Is anecdotal evidence reliable? This scientist we found says ‘yes’

In the information age of today, it’s not uncommon for us to encounter something online that we disagree with. Often, we find things that make us uncomfortable or seem to attack a core value we hold closely to our hearts.

Take spanking children as a form of discipline, for instance. Anytime you post studies about how damaging it is to spank children, undoubtedly people in the comments section will say “I was spanked as a kid and turned out fine!” And I think that’s great.

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It’s wonderful that we have grown adults who think it’s perfectly acceptable to strike a child because they did something that made you upset. It’s a purely rational response for an adult to have! And who are you to say that this adult didn’t turn out fine? What are you, their mom or something?

The fact is, if we can’t take people for their word, what do we have left to hold us together as a society?

That’s why our staff here at A Science Enthusiast, in collaboration with, took the time to investigate the world of anecdotal evidence.

Our survey consisted of five diverse scientists, three males and two females, from both fields of scientific study.

We asked the hard questions to every scientist we could find:

– Is spanking your kids as discipline a good idea?

– Do detoxes actually work?

– Do you think that one person’s personal experience completely negates clinical studies?

– Does this thing on my finger look infected?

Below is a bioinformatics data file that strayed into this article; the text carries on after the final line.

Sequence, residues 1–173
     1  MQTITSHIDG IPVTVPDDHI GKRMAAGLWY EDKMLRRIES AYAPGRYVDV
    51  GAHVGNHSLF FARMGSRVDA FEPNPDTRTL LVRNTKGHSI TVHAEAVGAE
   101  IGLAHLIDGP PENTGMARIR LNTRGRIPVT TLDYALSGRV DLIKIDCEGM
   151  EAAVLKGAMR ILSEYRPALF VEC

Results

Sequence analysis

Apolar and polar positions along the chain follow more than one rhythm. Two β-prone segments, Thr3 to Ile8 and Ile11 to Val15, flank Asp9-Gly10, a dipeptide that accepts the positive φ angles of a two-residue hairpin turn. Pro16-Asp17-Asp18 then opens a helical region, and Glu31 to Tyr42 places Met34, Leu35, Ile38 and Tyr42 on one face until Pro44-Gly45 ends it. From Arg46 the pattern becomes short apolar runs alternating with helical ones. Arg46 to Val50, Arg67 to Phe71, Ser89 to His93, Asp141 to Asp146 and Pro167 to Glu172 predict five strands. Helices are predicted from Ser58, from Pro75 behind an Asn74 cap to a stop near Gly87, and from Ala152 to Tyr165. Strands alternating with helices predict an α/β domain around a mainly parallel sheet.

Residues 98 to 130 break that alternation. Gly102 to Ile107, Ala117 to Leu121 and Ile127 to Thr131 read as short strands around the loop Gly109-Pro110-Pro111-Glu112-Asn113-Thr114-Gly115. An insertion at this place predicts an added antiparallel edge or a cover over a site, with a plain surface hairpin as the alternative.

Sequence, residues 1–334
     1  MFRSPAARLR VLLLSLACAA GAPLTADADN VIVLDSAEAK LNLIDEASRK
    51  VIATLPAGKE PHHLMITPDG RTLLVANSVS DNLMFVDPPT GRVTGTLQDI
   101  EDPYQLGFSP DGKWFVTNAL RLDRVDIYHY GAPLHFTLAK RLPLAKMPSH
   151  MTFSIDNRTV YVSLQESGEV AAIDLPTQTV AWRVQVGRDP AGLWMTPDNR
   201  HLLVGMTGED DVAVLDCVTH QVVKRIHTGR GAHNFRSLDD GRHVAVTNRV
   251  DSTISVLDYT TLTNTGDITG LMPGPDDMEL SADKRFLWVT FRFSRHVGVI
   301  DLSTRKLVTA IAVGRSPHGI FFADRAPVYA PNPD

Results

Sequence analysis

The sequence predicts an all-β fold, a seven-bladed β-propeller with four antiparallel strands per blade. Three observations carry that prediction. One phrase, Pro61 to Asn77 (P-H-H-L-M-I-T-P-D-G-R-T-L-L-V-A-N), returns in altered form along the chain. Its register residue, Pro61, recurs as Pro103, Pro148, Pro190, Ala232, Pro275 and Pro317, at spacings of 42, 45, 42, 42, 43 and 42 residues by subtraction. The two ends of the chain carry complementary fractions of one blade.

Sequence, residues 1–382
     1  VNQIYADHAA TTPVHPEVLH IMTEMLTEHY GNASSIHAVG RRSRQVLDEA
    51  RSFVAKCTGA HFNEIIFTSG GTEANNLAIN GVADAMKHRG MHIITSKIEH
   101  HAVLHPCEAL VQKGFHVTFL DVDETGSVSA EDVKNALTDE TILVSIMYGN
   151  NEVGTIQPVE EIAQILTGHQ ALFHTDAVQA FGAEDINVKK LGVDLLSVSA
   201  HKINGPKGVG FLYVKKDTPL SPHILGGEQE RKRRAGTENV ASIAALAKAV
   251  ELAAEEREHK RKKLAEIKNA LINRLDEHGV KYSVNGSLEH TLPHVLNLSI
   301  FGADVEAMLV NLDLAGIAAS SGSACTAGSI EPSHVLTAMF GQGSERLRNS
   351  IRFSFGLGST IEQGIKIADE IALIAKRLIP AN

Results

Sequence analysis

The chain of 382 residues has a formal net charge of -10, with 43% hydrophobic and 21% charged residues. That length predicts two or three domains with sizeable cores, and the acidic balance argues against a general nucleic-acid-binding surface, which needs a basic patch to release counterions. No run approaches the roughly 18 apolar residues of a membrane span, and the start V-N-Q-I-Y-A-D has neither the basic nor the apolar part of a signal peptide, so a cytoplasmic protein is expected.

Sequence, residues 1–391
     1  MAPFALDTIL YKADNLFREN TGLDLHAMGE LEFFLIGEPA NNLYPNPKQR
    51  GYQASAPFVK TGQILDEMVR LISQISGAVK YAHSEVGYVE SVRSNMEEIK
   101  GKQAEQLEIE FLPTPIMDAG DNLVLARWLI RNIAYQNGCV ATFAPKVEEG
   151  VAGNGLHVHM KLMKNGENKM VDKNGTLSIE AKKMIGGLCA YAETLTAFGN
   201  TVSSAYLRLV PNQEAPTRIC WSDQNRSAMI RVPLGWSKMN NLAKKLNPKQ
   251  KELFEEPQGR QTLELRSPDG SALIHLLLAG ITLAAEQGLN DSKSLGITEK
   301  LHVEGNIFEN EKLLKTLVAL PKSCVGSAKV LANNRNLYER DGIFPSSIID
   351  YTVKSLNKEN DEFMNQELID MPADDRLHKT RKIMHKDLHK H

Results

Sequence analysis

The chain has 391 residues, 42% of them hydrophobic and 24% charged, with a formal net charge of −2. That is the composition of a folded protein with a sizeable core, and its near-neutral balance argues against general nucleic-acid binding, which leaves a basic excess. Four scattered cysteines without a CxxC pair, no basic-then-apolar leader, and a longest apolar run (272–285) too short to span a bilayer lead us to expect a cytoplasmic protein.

The results were stunning.

Out of the five scientists we interviewed, one scientist named Simon agreed with our premise that anecdotal evidence is valid.

Our five test subjects, as seen in their traditional scientist regalia (Simon, pictured center)

Simon noted that while there is an overwhelming amount of clinical data that suggests spanking children leads to more aggressive behavior and mental health problems later in life, his parents spanked him as a kid, and now he’s a scientist. So, using very basic logic, we can deduce that despite the research, you can spank children as a form of discipline and everything will be just fine. Checkmate, anti-spankers!

Simon also addressed the validity of detoxes by pointing out that his neighbor told him about this thing where he puts coffee in his rectum. The idea is that it draws out all the toxins in your colon and really cleans everything out back there. He’s been doing it regularly for over a year, and he hasn’t yet died, which means that it’s healthy and good for you.

Simon went on to explain that researchers, when they’re with their teams of scientists and constructing these studies, often don’t stop to think about things like this. They don’t consider your aunt who used essential oils for decades, which likely extended her life by 50 years. They don’t think about that guy you went to high school with who eats 5 pounds of cheese a week and appears to be completely healthy. No, these scientists fail to realize that it’s these exceptions that prove the rule for them.

As we were interviewing Simon, it hit me. Simon kept trying to tell me that my finger looks really bad and I should go to the emergency room right away, but in between his panicked shouts, I understood the real message he was trying to send me.

Simon said that these personal stories – the ones you don’t hear about in “scientific” journals – are the real stories behind the headlines. They’re what make us humans. And when you take these human stories out of scientific research, we lose part of our humanity as a result, and you’re left a bunch of people in white lab coats showing off their data.

And that’s the problem with modern science.

Science is just a bunch of jerks in labcoats trying to prove a bunch of shit.



Written by Dan Broadbent

Science Enthusiast. Atheist. Lover of cats.




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